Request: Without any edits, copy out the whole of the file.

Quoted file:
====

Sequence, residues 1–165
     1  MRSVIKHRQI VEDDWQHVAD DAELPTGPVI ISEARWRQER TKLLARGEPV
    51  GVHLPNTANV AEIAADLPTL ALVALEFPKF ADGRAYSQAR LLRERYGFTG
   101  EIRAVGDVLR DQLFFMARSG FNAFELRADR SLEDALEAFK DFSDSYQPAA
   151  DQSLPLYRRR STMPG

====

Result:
Sequence, residues 1–165
     1  MRSVIKHRQI VEDDWQHVAD DAELPTGPVI ISEARWRQER TKLLARGEPV
    51  GVHLPNTANV AEIAADLPTL ALVALEFPKF ADGRAYSQAR LLRERYGFTG
   101  EIRAVGDVLR DQLFFMARSG FNAFELRADR SLEDALEAFK DFSDSYQPAA
   151  DQSLPLYRRR STMPG